"Every year that we changed, 30 to 40 cars had to have plates changed," Parrish says. "I think I spent $50,000 to $70,000 in license plates."
You can walk through the ages in a prop house. Hope Parrish practically toddled her way through history, growing up on movies, which may have given her a leg up: Female prop masters were rare when she started propping.
Her dad did give her some fatherly advice: He suggested that Hope not call him "Daddy" when they worked together. The camera crews would tease.
"You know, I'm No. 1 Son, but I'm a girl," she laughs.
More seriously, "My father always told me, 'Don't ever, ever let anybody tell you you can't do it. Tell 'em "Hire me, and if I don't do my job, you can fire me." ' "
Getting Crabs (And Making Them Move)
Another three-generation prop family started with the late Vic Petrotta, who worked for Universal, MGM and Paramount studios — a lot of Dean Martin movies, that guy had under his belt. He urged his son Bill not to go into the business.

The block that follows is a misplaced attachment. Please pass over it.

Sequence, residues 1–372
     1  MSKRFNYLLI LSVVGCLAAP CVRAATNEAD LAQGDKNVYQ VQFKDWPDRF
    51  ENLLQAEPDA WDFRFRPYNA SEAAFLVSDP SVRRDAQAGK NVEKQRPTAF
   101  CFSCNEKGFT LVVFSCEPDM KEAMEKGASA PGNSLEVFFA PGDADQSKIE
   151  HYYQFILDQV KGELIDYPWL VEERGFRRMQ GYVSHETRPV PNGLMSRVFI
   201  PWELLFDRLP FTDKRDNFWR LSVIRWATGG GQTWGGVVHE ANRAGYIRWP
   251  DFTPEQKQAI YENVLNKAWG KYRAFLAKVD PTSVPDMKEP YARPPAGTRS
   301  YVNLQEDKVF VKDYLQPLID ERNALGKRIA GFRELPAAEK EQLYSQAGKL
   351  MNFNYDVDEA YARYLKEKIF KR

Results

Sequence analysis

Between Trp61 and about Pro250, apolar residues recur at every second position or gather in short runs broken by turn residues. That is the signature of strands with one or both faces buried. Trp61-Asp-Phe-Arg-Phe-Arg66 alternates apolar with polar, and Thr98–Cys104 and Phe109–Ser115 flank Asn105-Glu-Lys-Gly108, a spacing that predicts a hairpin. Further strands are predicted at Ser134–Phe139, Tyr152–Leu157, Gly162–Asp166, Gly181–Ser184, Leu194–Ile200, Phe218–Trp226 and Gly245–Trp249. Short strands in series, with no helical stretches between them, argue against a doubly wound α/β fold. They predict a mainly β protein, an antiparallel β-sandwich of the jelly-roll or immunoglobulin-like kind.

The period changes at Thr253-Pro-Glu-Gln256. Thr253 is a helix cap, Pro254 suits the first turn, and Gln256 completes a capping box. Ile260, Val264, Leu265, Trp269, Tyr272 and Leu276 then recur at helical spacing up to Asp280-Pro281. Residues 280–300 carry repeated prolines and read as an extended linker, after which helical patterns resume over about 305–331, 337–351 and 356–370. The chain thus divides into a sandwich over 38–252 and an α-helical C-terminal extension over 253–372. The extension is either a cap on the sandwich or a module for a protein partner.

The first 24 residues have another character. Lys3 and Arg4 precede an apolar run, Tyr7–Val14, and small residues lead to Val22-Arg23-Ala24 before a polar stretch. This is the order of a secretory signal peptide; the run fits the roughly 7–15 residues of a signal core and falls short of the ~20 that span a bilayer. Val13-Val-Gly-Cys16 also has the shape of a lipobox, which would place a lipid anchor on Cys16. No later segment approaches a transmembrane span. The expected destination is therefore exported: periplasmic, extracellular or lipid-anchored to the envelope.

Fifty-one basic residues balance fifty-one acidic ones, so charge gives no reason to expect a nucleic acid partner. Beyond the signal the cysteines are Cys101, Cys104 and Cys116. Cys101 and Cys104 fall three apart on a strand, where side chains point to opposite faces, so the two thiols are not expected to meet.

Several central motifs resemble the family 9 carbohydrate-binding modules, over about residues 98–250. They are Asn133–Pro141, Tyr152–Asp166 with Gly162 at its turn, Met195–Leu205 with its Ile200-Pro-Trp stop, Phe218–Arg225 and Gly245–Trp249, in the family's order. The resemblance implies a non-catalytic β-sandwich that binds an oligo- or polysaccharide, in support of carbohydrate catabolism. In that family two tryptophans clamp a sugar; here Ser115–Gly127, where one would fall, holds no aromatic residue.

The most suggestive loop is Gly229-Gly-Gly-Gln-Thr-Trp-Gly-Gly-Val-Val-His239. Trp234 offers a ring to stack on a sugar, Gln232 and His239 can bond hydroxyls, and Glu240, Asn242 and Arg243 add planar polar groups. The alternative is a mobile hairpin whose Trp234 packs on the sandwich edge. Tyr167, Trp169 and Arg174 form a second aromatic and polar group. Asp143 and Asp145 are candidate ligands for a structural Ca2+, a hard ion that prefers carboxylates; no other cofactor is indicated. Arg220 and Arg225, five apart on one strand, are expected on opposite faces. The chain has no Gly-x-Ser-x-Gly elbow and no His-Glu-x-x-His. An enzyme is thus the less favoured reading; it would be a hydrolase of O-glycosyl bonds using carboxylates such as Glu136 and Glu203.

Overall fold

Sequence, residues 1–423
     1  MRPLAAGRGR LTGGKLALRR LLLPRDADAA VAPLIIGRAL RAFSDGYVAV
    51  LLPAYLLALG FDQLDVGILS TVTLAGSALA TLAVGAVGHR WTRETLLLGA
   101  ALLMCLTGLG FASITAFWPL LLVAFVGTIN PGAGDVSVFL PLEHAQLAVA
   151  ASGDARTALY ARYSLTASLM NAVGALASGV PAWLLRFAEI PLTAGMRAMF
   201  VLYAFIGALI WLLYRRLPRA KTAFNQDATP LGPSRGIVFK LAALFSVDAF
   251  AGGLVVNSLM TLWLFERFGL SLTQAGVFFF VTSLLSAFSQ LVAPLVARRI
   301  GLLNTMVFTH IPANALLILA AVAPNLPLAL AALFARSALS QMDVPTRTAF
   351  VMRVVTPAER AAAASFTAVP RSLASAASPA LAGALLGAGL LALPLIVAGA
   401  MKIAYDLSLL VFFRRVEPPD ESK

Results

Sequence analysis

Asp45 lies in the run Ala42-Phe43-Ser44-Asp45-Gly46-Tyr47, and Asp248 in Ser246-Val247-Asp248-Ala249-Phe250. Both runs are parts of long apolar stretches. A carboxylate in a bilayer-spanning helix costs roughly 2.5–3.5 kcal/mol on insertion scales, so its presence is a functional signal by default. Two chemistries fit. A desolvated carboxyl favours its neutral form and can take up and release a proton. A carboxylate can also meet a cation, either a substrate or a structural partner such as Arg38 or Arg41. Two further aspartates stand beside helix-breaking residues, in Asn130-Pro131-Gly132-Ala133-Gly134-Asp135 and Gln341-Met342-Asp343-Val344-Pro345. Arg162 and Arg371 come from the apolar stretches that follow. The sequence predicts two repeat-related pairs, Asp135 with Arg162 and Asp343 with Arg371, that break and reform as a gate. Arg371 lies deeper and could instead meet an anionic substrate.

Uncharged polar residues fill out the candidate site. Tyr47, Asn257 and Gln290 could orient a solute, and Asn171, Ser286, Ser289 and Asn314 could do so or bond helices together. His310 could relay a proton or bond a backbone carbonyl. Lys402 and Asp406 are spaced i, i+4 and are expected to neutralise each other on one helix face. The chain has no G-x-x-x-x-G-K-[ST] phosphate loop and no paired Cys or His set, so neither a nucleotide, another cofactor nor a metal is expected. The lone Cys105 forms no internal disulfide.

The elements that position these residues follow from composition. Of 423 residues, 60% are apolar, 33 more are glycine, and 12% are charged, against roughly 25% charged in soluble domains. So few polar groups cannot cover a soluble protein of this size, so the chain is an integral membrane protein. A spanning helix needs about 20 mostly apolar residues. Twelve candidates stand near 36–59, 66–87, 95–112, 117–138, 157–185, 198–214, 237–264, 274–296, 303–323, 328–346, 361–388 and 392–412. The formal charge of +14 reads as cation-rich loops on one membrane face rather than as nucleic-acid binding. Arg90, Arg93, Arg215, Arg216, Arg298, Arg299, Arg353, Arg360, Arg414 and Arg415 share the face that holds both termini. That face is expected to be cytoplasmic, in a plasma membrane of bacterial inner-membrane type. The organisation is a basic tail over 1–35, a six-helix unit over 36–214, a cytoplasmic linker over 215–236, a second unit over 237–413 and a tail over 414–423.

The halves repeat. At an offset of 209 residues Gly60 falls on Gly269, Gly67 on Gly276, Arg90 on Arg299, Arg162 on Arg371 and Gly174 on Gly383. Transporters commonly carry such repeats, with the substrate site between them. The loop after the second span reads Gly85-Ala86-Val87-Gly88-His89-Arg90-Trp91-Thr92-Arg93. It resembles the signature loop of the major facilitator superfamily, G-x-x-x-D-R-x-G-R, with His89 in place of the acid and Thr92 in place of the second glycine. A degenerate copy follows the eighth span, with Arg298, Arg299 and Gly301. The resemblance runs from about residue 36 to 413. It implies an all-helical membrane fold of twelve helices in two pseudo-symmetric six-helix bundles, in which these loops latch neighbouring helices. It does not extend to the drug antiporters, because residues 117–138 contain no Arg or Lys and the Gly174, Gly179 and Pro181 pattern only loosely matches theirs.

Bill did, of course. He propped for The Perfect Storm, Edward Scissorhands, The Thin Red Line.
And he schlepped his own son, Drew, around on weekends, hunting for the right stuff. Drew remembers an early-'80s excursion, with a cousin in tow, in search of — ahem -- paraphernalia for a Cheech and Chong movie.
"Saturday night, I was about 12 years old," Drew says, "going to a head shop up on Santa Monica Boulevard."
They're going, 'What are we doin' in here?' " says his dad, remembering the kids' reaction.
Drew Petrotta always wanted to be like his father.
"But you also saw the hard side of it — all the times they're out of town for months and months and months," he says. "I actually tried a lot of other avenues before ending up back here. It's something you kind of get in your blood, that you know how to do. And it's always different, always changing — an action movie, to a sports movie, to a science-fiction movie."